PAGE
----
Are we destined to do great things? By R.A. Mathews
By R.A. Mathews (email@example.com)
Red, white, and blue. That’s what courses through my veins.
So, for the patriotic holidays — Memorial Day, 4th of July, Veterans’ Day, Pearl Harbor — I search in earnest for our senior soldiers, WWII veterans. We’re free only because of those willing to die for freedom.
And it’s always a joy to listen to these amazing men with their wonderful stories.
I started my quest about five years ago when such veterans were in their mid-nineties. Now they’re closer to 100 — leaving us fast. One I interviewed most recently died on Thursday. Soon, they’ll all be gone.
Each search can take a month or more, querying military organizations far and wide. So, imagine my joy when I stumbled onto a 97-year-old veteran not 20 minutes from my house: Bertha “Buddie” Curnutte, also a Rosie the Riveter. Girl power before there was girl power, right?
Still, that was almost 80 years ago. Surely Curnutte had mellowed.
When I stepped onto her porch last Saturday, she told me she’d double-booked the afternoon. Her eyes sparkled and her words were decisive. “I’m also waiting on Lowes. My dryer should have been here Thursday.”
They’d tried to schedule it for Sunday. “‘NO, SIR!’ I told them. ‘I go to church. You’ll bring it on Saturday!’”
I grinned and jumped right in.
It seems, as a teenager, Curnutte had answered an ad that ran daily in her newspaper, begging women to join the wartime effort and build planes.
“That was 1943 and I didn’t get the job right off,” she said. “You had to go to school for three weeks to see if you could learn to use the riveting gun, which was a large, long metal tube powered by an air compressor.”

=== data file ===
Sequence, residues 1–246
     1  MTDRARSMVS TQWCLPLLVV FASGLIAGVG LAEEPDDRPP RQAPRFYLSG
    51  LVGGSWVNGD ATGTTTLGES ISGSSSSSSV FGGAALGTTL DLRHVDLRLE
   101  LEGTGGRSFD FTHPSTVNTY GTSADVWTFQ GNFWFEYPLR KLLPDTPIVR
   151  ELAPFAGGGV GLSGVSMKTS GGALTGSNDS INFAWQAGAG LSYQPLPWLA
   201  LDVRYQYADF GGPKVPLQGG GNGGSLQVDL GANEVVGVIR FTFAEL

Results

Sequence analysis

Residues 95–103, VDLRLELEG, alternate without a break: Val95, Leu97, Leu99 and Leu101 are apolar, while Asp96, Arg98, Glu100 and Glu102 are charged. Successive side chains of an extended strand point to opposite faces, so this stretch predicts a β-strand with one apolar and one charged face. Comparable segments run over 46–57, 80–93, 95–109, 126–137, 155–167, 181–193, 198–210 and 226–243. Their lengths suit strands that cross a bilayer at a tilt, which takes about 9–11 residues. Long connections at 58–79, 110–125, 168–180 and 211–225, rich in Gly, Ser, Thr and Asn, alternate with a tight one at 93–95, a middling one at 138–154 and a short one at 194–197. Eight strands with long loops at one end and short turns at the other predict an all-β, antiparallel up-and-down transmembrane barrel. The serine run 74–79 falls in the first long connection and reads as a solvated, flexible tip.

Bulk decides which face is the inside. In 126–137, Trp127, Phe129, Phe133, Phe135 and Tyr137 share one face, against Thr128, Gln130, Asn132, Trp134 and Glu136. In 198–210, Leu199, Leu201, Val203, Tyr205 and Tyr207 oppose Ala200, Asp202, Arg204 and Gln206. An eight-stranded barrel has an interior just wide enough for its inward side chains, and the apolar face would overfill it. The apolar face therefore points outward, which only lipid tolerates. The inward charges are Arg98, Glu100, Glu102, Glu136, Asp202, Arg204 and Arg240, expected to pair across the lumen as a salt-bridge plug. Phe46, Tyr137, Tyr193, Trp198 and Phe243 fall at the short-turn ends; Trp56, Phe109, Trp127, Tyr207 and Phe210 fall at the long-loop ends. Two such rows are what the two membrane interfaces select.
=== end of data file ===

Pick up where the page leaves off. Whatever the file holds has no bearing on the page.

Curnutte passed and soon realized the job wasn’t for just anybody. “I worked with another woman as a team on the wing of an airplane lined with holes about an inch and a half apart. I was on one side with the riveting gun and a piece of metal that went into the hole. On the other side, she held a bar of metal up to the hole, about the size of a chocolate bar only thicker. We’d move along the wing driving the rivets in, but they had to be exactly straight. If not, air would get in the hole and eventually work that rivet loose and someone could die.”
She looked at me seriously, explaining that the holes couldn’t be made bigger. “If it went in wrong, it had to be drilled out.” Apparently, that was no small feat.
Even though she stood all day, every day, Curnutte shrugged off the difficulty. “We were young and we knew the boys needed us. They were over there fighting for our country, willing to die for us. We all pulled together, doing what we could do.”
After a year and a half as a Rosie, she joined the Coast Guard in early 1945. Curnutte began moving troops as a seaman and then became a medic. That’s when she met her husband — a Marine badly injured by a grenade on Okinawa. He would go on to become a pastor.
“Tell me your favorite Old Testament character?” I asked.
It didn’t surprise me that she chose a strong woman. The 1st Book of Samuel opens with the story of Hannah, who gave birth to one of the most important figures in Hebrew history — but first, she suffered a rebuke.
It seems Hannah had not been able to conceive, and so she went to the Lord’s house to pray. She was distraught, weeping and pleading with God. The priest, thinking she was drunk, gave her a tongue lashing. That’s when Hannah explained that she was praying fervently.
The priest then gave her a blessing and she gave birth to a son, naming him Samuel. As I said, he’s one of the greatest figures in Scripture. Samuel will transition Israel into a monarchy, anointing her first two kings. 1 Samuel 1:1-20, 3:1-28:19
Bertha “Buddie” Curnutte has a gift; she used her strong willpower for her God and her country. The Lord has given each of us a gift — use it for His glory. Use it for greatness.
On Monday, Memorial Day, remember the soldiers who died for this country. And thank those who’ve served. Freedom is not free.
The Rev. Mathews (B.A., M.Div., J.D.) is a faith columnist and a seminary graduate. Contact Mathews at Letters@RAMathews.com.
Copyright © 2021 R.A. Mathews. All rights reserved.
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